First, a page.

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Bank scam targets local residents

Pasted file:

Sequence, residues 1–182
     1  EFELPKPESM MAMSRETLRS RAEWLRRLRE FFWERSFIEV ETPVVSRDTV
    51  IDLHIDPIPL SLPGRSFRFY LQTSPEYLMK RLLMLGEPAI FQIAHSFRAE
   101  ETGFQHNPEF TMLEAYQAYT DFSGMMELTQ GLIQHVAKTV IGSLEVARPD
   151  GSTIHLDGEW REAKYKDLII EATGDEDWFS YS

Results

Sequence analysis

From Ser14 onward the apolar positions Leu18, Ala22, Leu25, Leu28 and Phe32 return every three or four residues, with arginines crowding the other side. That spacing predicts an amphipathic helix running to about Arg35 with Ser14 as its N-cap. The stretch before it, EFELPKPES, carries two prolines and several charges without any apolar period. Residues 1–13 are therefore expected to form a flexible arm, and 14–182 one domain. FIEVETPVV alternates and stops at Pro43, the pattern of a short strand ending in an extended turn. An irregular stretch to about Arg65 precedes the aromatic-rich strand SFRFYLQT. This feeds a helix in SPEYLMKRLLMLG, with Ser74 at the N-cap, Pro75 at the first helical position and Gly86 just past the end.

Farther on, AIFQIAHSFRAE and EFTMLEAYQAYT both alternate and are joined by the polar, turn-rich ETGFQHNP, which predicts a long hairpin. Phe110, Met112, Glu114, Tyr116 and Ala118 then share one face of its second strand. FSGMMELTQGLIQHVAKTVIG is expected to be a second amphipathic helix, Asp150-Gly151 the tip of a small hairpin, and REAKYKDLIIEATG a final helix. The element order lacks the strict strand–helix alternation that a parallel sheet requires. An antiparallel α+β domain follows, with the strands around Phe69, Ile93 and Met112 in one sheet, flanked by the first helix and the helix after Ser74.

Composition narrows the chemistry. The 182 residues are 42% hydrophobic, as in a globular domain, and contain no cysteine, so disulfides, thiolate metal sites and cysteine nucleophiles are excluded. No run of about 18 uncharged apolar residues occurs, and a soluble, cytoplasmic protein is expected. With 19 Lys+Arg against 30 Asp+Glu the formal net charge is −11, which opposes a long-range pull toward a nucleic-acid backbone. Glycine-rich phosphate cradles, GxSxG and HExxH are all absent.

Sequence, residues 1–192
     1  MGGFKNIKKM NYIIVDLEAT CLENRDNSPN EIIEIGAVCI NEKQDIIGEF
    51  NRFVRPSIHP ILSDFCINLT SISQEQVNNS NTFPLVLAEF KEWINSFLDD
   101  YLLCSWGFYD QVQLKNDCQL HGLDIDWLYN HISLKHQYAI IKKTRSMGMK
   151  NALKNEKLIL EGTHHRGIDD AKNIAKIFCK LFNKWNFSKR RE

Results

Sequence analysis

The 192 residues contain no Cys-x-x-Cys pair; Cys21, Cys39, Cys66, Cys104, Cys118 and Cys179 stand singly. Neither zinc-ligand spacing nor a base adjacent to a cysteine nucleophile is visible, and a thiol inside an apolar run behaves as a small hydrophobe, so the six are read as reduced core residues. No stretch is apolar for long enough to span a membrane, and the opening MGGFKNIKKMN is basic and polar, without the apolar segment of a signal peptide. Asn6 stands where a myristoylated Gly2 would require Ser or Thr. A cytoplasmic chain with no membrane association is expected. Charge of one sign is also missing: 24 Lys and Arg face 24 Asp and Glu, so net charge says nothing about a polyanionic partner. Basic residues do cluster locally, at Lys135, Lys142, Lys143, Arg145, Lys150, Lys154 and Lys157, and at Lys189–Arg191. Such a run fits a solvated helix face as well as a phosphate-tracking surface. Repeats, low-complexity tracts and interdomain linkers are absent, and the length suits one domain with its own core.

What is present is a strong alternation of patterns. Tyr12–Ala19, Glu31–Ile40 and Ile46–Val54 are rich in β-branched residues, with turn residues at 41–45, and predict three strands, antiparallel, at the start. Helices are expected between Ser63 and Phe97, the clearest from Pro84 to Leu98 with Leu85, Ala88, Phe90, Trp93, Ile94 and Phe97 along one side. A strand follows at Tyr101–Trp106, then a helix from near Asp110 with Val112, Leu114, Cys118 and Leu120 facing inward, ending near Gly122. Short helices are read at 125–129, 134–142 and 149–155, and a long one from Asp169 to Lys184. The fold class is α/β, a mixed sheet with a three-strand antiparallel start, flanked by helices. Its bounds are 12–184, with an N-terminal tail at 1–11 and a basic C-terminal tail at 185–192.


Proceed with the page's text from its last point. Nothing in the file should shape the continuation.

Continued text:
Farmers State Bank would like to make the community aware of recent e-mail phishing and phone scams that have circulated within the local area. The individuals that send out the e-mails copy financial institution logos and imitated the look and feel of genuine messages and Web sites to try and persuade recipients that the e-mails or phone calls were authentic. Scammers may even pose as government agencies such as the Social Security Administration, the IRS or the FDIC.A “phishing” scam is defined as a fraud method in which the perpetrator sends out legitimate-looking e-mails requesting a customer to either call a phone number or click on a link to a Web site in an attempt to gather personal and financial information from recipients.In both the e-mail and phone scams, the scammers send automated messages stating they are from your local financial institution. The message then states that your account has been locked and that you must call a toll free number or click on a link to a fake, but realistic looking Web site to unlock your account. Once the phone number is called, the caller is then asked to enter the debit/credit card number, the card’s expiration date and the pin number associated with the card. Once the thieves obtain these three items of information from you, they have the ability to create fake cards and gain unauthorized access to your account.Farmers State Bank asks anyone who responded to these scams to contact their financial institution.Your bank or credit union, credit card company and the FDIC would never contact customers for personal information. Assume any such unsolicited request – by phone, fax or e-mail – is fraudulent. Also, don’t rely on a phone number provided in an unsolicited call, e-mail or fax. Any time you want to call your bank or credit union, credit card company, government agency or other organization regarding matters involving personal or financial information, use the phone number provided in the phone book or another resource you trust – not the number listed in a voice-mail message, e-mail or fax.Another fraud to beware of involves faxes. Recently, the FDIC uncovered a scam in which fake FDIC notices were faxed to businesses and consumers in an attempt to collect confidential information.

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